6'3, 235, RSFr.
Bill C.: Both Eric Beisel and Joey Burkett were high priorities for the Mizzou staff in the 2013 recruiting class, and it's not hard to see why. Both have tremendous physical attributes -- Beisel with his size and Andrew Wilson-esque hitting ability, Burkett with his speed and potential as WLB/nickel back type -- and both seem to be coming along pretty well. In theory, we hope not to see either of these guys very much this year; if Mike Scherer and Donavin Newsom work out as planned, the starting lineup is set. But if either or both wanted to play well in garbage time, do nice things on special teams, and position themselves for a key role in 2015 or 2016, I wouldn't complain.
The linebacker unit is one that could be incredibly crowded for years if some of the young players with promise live up to said promise. I'm all for having that "problem."
countrycal: Eric is one of several young linebackers with great promise on the Tiger bench. Though only a redshirt freshman with no game experience, Eric is already listed as second on the depth chart at middle linebacker behind sophomore Michael Scherer. The more I look at this group of young linebackers, the more excited I get about the possibilities of our defense in the coming years.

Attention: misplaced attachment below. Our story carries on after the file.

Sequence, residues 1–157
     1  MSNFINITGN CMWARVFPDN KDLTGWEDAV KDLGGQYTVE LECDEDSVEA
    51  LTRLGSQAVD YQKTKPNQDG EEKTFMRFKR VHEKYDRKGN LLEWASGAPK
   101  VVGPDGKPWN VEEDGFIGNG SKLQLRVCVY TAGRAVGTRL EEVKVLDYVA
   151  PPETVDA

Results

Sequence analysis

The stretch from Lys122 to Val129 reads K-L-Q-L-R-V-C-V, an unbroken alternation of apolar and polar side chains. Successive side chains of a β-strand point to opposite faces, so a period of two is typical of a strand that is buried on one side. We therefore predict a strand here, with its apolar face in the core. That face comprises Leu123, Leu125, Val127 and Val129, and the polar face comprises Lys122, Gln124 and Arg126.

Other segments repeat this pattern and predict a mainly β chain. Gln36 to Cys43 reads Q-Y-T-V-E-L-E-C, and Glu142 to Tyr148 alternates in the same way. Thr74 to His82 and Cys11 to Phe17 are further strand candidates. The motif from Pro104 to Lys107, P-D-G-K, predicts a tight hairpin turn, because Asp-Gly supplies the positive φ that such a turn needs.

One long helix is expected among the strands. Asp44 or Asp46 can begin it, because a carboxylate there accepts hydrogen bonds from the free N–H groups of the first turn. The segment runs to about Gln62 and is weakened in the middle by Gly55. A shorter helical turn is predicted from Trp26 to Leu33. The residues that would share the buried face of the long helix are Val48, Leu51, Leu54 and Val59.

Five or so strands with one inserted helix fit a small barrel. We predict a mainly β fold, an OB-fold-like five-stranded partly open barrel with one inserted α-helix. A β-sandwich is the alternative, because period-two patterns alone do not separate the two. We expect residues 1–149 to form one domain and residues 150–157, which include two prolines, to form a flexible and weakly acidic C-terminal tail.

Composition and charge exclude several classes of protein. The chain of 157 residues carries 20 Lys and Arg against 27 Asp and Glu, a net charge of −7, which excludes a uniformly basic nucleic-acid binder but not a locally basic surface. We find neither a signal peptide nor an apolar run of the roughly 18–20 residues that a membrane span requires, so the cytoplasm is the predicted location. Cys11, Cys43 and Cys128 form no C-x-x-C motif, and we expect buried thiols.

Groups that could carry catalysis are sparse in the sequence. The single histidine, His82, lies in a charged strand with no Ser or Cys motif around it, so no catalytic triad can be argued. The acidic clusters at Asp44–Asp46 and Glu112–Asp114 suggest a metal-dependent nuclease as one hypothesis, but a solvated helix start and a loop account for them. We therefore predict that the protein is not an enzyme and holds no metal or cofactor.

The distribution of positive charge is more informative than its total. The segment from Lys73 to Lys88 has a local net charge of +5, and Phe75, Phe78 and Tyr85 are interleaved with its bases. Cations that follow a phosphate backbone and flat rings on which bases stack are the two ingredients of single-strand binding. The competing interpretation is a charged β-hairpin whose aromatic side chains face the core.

AlaTiger: There is a lot of potential in the LB corps. Some of it needs to be realized this year.
The Beef: Yep, this young man certainly looks the part. Now, whether or not he can play the part probably needs to start getting proven out this season. Looking at the depth chart, I was surprised just now to see that Beisel and Scherer are listed at the exact same size. That is odd to me because I perceive Beisel to be a good 10-15 pounds bigger. Sitting behind a presumptive starter who is a sophomore may mean it could be tough for "Zeus" to see the field much, but I am interested to see how he looks when he does get out there.
wooderson: i slice beer
6'2, 205, RSFr.
countrycal: Redshirt freshman Joey Burkett is the lightest of the three-deep linebackers coming in at 205 pounds. His performance in the spring, however, earned him the second spot on the depth chart at weakside linebacker going into the fall. Burkett and Beisel have been praised as being equally promising as the two sophomores ahead of them. Ruise may well get back into the hunt during fall practice, but it would seem Burkett has shown enough already to get his share of playing time rotation.
The Beef: Sitting ahead of Ruise, it will be interesting to see how long he can hold him off. I recall Burkett being a top-end pole vaulter from high school, and I was always interested in seeing how those skills (footspeed, upperbody strength, um ... other pole-vaulty things) would translate to the LB position. I would assume Burkett is working towards a spot with the various special teams groups as he tries to see the field more in years to come.
wooderson: turbojet key, buttery joke